Despite having had little cheer since their World Cup triumph on home soil in 1966, the Three Lions are always backed by a huge contingent of hopeful fans at home and abroad and it will be no different at the European Championship in France.
Rooney is set to captain his country at a major competition for the first time in what will be his sixth appearance at a finals, although he has never made it past the quarter-finals since making his tournament bow at Euro 2004 in Portugal.
"I've been excited for it," he told FATV when asked about leading the team.
"The longest time in a tournament is those first few weeks in the build-up to the first game. You can sense the excitement around the team... around the country.
"We're the ones going out on the pitch, we're the ones that have to go and do it. So, hopefully we can [deliver] and give everyone good memories."
Rooney's place in the first XI has come under scrutiny after a struggle for form and fitness with Manchester United in 2015-16, but England manager Roy Hodgson is likely to keep faith with his skipper.
And centre-back Chris Smalling, Rooney's team-mate for club and country, offered a ringing endorsement of the forward's importance to the national team.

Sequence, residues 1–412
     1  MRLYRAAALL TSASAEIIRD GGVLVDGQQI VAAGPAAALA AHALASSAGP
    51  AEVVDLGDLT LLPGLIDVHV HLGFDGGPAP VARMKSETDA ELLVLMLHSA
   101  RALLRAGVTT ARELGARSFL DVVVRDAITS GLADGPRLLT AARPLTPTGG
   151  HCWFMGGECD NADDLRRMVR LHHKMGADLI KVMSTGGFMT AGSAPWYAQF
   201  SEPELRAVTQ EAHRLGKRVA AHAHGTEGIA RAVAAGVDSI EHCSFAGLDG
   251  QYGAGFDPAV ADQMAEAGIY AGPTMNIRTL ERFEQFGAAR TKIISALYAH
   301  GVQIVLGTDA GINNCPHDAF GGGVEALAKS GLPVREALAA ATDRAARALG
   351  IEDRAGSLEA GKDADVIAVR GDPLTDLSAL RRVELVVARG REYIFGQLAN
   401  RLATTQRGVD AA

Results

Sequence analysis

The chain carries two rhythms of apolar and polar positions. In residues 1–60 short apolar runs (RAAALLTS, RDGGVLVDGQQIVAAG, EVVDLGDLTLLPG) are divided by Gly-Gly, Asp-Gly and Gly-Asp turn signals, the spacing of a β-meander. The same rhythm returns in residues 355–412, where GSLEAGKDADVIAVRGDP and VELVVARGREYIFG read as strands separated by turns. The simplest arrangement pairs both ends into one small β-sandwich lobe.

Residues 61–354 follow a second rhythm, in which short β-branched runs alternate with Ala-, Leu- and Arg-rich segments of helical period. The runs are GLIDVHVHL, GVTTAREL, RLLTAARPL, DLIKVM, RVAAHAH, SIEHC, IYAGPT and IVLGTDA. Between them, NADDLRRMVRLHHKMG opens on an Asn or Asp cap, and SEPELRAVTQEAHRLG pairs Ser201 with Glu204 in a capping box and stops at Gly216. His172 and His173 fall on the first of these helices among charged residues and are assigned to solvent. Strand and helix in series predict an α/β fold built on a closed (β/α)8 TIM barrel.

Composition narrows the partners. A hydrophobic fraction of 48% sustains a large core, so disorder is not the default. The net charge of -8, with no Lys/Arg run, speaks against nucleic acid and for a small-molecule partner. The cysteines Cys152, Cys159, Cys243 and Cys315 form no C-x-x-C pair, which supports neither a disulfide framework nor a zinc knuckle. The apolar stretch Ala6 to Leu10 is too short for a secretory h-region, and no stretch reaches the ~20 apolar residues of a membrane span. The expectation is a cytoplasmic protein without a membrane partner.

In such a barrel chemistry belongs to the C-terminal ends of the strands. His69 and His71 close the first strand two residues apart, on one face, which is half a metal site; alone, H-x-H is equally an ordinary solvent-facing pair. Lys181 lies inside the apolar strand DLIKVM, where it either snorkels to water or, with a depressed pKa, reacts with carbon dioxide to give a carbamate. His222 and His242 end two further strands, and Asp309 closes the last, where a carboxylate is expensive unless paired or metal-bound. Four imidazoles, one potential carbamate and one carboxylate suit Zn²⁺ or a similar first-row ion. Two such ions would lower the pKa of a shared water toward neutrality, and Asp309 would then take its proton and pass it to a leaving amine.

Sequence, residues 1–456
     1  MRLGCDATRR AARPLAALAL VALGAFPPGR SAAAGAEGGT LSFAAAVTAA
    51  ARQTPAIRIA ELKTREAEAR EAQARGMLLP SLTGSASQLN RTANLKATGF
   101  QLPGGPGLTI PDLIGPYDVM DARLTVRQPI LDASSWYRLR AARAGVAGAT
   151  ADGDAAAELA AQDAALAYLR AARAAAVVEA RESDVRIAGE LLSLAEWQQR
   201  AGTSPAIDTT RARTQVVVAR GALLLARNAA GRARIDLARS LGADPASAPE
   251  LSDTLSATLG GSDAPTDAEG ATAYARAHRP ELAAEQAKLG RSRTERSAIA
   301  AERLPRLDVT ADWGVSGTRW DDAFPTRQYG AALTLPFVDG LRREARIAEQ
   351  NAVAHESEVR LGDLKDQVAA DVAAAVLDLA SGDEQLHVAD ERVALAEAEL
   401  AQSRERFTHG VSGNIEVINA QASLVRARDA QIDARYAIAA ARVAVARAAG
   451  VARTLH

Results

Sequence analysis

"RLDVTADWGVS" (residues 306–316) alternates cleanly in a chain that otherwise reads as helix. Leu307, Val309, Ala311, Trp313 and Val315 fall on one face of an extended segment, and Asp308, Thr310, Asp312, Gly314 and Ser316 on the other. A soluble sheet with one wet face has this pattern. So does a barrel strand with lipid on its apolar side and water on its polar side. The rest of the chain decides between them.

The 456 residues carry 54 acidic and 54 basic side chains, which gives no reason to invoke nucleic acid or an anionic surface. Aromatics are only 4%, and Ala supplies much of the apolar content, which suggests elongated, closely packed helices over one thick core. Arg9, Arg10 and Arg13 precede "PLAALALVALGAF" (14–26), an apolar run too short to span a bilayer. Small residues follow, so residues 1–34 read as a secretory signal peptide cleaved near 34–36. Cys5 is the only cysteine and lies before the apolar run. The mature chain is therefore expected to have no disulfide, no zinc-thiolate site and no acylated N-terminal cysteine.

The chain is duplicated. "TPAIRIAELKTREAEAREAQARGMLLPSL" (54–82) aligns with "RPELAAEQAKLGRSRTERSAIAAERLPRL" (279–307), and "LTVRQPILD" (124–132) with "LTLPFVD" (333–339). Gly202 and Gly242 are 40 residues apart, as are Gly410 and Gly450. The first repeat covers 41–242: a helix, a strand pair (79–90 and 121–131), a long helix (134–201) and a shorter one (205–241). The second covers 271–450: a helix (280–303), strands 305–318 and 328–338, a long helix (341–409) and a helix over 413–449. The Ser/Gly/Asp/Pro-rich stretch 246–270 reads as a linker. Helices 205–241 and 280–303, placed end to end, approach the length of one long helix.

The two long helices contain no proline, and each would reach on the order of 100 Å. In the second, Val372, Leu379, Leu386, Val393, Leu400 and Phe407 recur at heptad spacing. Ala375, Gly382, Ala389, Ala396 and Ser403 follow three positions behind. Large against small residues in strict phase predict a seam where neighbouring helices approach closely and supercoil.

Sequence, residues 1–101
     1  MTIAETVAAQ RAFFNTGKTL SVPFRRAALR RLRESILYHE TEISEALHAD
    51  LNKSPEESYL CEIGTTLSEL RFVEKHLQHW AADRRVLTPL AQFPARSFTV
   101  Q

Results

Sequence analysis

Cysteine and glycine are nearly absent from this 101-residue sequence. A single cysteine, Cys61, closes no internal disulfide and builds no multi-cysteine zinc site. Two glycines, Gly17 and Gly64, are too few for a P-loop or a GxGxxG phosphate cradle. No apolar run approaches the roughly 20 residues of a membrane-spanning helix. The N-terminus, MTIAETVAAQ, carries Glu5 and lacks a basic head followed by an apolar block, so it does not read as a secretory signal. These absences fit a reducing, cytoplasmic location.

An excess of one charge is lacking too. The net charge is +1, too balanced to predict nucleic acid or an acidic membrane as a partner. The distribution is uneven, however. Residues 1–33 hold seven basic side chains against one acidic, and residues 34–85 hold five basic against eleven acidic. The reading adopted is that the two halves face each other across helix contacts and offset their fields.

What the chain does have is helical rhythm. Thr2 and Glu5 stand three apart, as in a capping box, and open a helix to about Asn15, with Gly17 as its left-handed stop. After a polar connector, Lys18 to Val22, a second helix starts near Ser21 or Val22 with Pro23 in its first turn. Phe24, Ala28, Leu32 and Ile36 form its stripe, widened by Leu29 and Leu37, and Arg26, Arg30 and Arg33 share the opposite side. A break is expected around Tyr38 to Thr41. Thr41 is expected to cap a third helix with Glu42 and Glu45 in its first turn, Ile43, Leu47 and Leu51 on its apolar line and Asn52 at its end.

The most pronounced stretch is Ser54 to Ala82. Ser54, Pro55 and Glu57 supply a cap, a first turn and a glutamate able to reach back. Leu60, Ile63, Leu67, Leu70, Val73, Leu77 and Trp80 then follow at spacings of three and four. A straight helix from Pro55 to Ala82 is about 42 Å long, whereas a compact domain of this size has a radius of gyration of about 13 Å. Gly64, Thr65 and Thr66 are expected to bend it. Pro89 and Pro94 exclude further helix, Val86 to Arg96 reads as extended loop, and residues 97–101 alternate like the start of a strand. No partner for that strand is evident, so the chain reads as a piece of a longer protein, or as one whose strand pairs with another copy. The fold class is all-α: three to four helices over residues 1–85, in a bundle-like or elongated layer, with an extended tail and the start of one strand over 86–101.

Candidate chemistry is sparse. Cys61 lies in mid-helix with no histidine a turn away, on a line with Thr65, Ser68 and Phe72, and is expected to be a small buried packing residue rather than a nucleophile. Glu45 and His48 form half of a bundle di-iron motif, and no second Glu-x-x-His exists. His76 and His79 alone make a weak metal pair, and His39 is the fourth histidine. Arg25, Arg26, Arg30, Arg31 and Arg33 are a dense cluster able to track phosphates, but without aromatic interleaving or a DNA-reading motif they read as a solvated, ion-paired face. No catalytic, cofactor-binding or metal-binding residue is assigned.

"He's very much our focal point ... us players look up to him because of what he's achieved in the game," he told a news conference.
"Being our captain and our leader, he's the one we seek guidance from. He can really show us that path throughout the tournament because he's been there many times."
Hodgson has close to a fully fit squad to choose from, with left-back Ryan Bertrand one of few injury concerns, meaning Tottenham's Danny Rose is almost certain to start the game in Marseille.
Leonid Slutsky, who is combining the post with his regular duties as CSKA Moscow boss after succeeding Fabio Capello last August, is less fortunate. Already without Alan Dzagoev, Denis Cheryshev, Yuri Zhirkov and Oleg Kuzmin, the Russia coach lost Igor Denisov to a torn thigh muscle in the team's final warm-up friendly, a 1-1 draw with Serbia.
Artur Yusupov has been called up as a replacement, prompting Pavel Mamaev to bemoan the loss of fellow midfielder Denisov.
"It's such a shame because he was one of our key players," he said.
"For him it was going to be a really important tournament. The coach has not detailed for certain anything about central midfield now, but we've lost a key player, and that's a shame.
"The coach will find an answer ... [he] is certainly doing everything he can to make sure we will be ready for the England game."
Russia's injury woes mean England will be expected to make a winning start at Stade Velodrome, where Hodgson must choose how best to utilise attacking stars Harry Kane and Jamie Vardy, as well as Spurs midfielder Dele Alli.
It remains to be seen if midfielders Jordan Henderson of Liverpool and Arsenal's Jack Wilshere, both lacking match sharpness after recovering from injury, can earn first-team roles for their team's opening game.